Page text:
Saturday, June 28, 2008
The International Coral Reef Initiative has launched their International Year of the Reef 2008 campaign. The aim of the campaign to raise awareness about the value and importance of coral reefs and threats to their sustainability, and to motivate people to take action to protect them. All individuals, corporations, schools, governments, and organizations are welcome and actively encouraged to participate in IYOR 2008.
One organization that is taking action is Coral Watch.
CoralWatch is an organization built on a research project at the University of Queensland, Brisbane, Australia. They have developed a cheap, simple, non-invasive way to monitor coral bleaching, and assess coral health. Their Coral Health Chart is a series of sample colors, with variation in brightness representing different stages of bleaching or recovery, based on controlled experiments.
In the field, users simply compare colors of corals with colors on the chart and record matching codes. The charts can be used by anyone - scientists, school children, tourists and politicians.
Their aim is to provide a scientific tool and increase awareness about global warming by demonstrating one of its devastating effects. Coral Watch is asking us to please help by using their kit to monitor local reefs, or any that we visit.
CoralWatch has also joined forces with Project AWARE Foundation, a nonprofit environmental organisation working with divers to conserve underwater environments through education, advocacy and action. Project AWARE has registered over 500 CoralWatch monitoring locations worldwide making it easy for divers and snorkelers to get involved. You can view a list of participating dive centers or find out more by visiting Project AWARE.
You can request a free DIY Coral Health Monitoring Kit by contacting them at email@example.com. The chart is currently available in English, Chinese, simplified Chinese, Japanese and French with more languages becoming available this year.
As you travel this summer, be aware of the the watery world around you. Find ways to experience the beauty of the earth's oceans with minimum impact to the environment. Educate yourself about them and find ways to become involved in their recovery.
Until next time...become the change you imagine.
Monday, June 16, 2008
1. Involving organisms or the products of their life processes.
2. Relating to chemical compounds containing carbon, especially hydrocarbons.
3. Using or produced with fertilizers or pesticides that are strictly of animal or vegetable origin.
4. Relating to or affecting organs or an organ of the body. An organic disease is one in which there is a demonstrable abnormality on physical examination, laboratory testing, or other diagnostic studies.
That seems pretty straightforward, but as with much of the new "green-speak", it loses alot in the translation. Once every ten years, the Merriam-Webster dictionary is updated. Their 11th edition for 2003 included some 10,000 new words along with 100,000 new meanings to words already existing and some 225,00 revised definitions. According to M-W, the adjective organic dates back to the 14th century and its original meaning was instrumental.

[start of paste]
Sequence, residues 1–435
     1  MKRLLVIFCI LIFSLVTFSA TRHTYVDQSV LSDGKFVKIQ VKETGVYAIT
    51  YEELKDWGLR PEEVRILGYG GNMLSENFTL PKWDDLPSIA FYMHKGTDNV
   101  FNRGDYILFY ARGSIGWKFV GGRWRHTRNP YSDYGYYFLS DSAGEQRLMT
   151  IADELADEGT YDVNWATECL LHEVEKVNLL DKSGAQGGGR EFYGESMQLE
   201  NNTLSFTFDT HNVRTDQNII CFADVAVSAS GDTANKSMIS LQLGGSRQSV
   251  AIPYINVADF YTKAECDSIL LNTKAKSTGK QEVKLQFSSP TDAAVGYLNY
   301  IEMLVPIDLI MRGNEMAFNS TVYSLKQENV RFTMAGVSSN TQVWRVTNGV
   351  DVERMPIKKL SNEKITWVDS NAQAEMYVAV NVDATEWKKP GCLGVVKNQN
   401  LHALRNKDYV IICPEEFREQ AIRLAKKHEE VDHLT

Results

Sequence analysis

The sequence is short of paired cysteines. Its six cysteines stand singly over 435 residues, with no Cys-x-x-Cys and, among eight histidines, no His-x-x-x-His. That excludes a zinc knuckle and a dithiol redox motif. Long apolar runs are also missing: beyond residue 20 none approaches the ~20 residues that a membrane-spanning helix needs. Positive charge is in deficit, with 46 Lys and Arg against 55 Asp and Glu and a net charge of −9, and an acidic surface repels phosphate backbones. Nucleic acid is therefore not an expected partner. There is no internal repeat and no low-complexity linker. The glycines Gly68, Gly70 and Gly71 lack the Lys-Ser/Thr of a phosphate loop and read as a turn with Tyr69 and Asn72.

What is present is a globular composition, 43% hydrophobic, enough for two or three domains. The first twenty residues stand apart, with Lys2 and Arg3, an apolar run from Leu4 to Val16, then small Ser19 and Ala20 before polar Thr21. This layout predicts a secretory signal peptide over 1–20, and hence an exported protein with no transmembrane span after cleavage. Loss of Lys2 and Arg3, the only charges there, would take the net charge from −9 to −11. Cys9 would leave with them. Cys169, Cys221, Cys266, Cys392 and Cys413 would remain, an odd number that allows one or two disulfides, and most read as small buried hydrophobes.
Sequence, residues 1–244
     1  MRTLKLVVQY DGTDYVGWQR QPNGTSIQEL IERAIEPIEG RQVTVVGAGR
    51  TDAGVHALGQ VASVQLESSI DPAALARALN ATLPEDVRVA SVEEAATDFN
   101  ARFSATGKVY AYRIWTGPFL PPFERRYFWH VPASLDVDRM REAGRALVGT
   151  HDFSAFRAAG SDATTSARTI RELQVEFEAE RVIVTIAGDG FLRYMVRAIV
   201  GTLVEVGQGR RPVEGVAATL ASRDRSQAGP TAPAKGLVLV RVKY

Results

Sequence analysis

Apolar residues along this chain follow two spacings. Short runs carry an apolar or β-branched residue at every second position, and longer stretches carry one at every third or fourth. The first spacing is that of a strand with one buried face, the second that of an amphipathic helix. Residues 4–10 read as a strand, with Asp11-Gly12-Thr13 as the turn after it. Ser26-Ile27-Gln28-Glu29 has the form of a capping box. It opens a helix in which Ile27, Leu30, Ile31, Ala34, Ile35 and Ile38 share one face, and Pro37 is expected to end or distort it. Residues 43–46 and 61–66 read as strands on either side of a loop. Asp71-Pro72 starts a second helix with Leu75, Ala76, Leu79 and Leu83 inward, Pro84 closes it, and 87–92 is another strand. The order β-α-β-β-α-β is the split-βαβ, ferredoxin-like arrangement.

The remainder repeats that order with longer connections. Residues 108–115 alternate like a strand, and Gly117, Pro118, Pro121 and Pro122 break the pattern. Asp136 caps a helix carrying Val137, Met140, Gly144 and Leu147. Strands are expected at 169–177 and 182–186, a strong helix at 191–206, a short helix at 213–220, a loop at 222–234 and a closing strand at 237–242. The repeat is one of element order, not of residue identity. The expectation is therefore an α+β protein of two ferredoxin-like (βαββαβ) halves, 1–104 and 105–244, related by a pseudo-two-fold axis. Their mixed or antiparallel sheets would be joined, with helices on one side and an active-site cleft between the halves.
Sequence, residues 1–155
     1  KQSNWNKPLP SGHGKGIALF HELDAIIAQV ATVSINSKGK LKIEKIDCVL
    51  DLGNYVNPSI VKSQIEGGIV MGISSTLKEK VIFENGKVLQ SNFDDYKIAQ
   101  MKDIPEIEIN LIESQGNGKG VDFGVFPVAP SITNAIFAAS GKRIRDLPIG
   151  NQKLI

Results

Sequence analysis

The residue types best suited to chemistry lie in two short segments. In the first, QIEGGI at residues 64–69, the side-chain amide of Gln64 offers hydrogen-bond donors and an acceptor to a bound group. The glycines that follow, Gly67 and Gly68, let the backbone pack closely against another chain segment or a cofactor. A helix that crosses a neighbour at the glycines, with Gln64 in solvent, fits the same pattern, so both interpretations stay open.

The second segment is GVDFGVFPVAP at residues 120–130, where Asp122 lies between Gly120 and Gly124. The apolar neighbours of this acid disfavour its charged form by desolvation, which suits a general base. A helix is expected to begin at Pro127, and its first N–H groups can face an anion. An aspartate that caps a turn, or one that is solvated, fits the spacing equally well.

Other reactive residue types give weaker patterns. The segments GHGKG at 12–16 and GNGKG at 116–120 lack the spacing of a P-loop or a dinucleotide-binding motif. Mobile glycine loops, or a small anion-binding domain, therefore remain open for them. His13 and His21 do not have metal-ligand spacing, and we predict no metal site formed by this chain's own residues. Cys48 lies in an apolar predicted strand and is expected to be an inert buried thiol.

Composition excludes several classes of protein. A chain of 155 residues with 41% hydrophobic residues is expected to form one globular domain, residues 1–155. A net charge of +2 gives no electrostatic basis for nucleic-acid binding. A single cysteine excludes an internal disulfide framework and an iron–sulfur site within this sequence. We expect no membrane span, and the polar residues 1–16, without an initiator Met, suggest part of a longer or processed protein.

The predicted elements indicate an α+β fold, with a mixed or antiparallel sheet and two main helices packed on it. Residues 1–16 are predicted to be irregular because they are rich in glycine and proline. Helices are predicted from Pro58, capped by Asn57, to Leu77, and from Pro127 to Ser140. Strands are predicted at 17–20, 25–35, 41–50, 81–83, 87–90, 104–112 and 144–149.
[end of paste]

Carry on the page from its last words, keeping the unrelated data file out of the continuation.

So now where does that leave us, in the search for organic meaning? I tend toward American Heritage's definition #1 above. We are living, carbon-based, organisms designed to live in a natural environment. Yes, we are adaptable, but our modern technology has forced all organisms on this planet to adapt at a rate that is unnatural. Extinctions are not from the process of natural selection, but from man-made forces.
With the exception of those peoples who have not been corrupted by "civilization" we are the only species on this planet that does not live within the limitations of our natural environment. As living organisms, humans are at the same risk of extinction as other species. The real difference is we will be responsible for the demise of our own kind. Contrary to being a "higher life form", we are as dumb as a box of rocks (sorry, rocks) when it comes to living in harmony with our environment.
Organic.org has the top 10 reasons to support organic in the 21st century. They all make sense to people who want a future that doesn't involve gas masks, and a contaminated food chain. What real solutions can be offered to the growing list of environmental and societal woes?
1. Find a balance. Consumption should not exceed sustainable availability.
2. Put our formidable technology to work for the good. If we can think it, we can do it...in an environmentally responsible way.
3. Clean up our mess. We know where it is and what it is. It's time to stop the finger-pointing and clean it up. See #2 above.
4. Learn from the past. We need to stop repeating our mistakes. Anyone who is curious about living within our "environmental means" can talk to a Native American, an Australian aborigine, a Maori elder, or the Jaguar people of the Amazon. Civilized man has managed to wipe out a great many of these people, but there are still some remaining that know the old traditions.
Bottom line...there is no EASY button for this issue. We are 6 billion (and counting) in number, and every individual effort is significant. Educate yourself, and take action. Our future depends on it.
Until next time...become the change you imagine.